Bruce Murphy
Murphy’s Law

Will State Screw Milwaukee?

Expert condemns state for switching Milwaukee’s foster care funding to help other counties.

By - Aug 31st, 2012 10:17 am
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As the state’s biggest city, with the largest number of poor people, Milwaukee has by far the biggest problem with child abuse and neglect. The most recent annual report by the Wisconsin Department of Children and Families shows that about 30 percent of all reports of maltreatment of children occurred in Milwaukee County. Their recent monthly report shows that 32 percent of Wisconsin children placed in foster care are in Milwaukee County.

Yet a recent proposal by the state for a federal waiver in how it funds child welfare services would take $1.2 million in program savings realized in Milwaukee and use the money in other counties. Richard Wexler, Executive Director of the National Coalition for Child Protection Reform, wrote a blog castigating Wisconsin for this. “State wants to rob Milwaukee to aid other counties,” Wexler’s piece is headlined. “In shocking, explicit detail,” he writes, its proposal “would confiscate savings made by improving Milwaukee child welfare and use the money in every Wisconsin county — except Milwaukee.”

Wexler says he could find no other state that proposed to shift the funding in this way. Wisconsin is one of 13 states that have submitted waiver proposals to the U.S. Department of Health and Social Services.

Fredi-Ellen Bove, a division administrator for the State Department of Children and Families, disputes this charge. She says any savings realized by Milwaukee would have reverted back to the federal government.

But the state is asking for a waiver in federal rules. Couldn’t it ask for a waiver so the money saved remains in Milwaukee? Bove concedes the state made a choice to spend the money in a different way. “We reached the conclusion we don’t need waiver dollars to meet the needs in Milwaukee.” Bove says Milwaukee has a stronger support system than other counties, with 12 months of “post-reunification” care by counselors after a child’s case is over, while other counties lack this.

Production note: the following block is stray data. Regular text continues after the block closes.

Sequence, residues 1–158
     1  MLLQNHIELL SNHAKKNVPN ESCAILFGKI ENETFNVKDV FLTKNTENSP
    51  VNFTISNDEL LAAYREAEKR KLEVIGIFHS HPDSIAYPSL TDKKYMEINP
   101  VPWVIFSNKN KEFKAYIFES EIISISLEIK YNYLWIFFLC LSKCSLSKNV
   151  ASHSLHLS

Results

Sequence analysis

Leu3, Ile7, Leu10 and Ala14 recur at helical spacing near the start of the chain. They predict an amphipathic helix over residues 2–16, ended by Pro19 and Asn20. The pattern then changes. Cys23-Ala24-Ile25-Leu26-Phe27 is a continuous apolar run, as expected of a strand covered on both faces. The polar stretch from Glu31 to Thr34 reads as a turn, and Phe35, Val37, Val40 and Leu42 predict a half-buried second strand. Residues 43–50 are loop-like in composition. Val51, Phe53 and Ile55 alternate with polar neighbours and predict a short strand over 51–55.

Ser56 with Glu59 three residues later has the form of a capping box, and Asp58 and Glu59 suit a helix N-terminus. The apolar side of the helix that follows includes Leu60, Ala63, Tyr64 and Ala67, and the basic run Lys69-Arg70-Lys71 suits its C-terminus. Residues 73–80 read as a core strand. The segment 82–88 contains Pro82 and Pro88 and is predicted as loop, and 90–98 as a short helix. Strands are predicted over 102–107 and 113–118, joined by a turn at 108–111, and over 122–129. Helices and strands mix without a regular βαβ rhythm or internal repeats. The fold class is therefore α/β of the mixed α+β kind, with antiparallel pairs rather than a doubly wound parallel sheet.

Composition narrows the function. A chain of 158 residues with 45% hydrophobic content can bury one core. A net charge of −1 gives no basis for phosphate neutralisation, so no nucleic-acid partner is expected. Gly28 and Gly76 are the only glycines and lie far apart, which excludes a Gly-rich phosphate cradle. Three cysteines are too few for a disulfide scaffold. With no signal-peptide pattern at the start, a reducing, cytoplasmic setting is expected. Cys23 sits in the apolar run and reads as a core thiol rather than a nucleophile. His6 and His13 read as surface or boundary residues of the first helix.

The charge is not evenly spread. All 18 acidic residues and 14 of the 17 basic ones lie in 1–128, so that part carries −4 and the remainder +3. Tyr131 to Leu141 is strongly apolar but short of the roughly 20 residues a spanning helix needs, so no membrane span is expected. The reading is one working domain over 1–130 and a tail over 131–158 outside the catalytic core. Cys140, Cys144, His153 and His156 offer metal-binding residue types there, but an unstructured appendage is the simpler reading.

But Rep. Josh Zepnick (D-Milwaukee) questions whether the state is punishing Milwaukee for being more efficient in realizing savings. “This raises questions whether the money could be more efficiently and more humanely spent in the county that serves the most families in Wisconsin,” Zepnick says.

The curious thing about this image of Milwaukee as the super-efficient system is that is has been plagued with problems going back more than a decade. In 1993, the ACLU sued the State of Wisconsin, claiming the child welfare system in Milwaukee was mismanaged and fraught with problems. While things have improved since the state took over Milwaukee County’s system, there are still signs of problems. Wexler has criticized the Milwaukee system, arguing a child here is far more likely to be “torn” from his or her parents and “thrown into foster care” than in other big cities nationally. With more diplomatic language, the Child Welfare Policy and Practice Group has made the same criticism.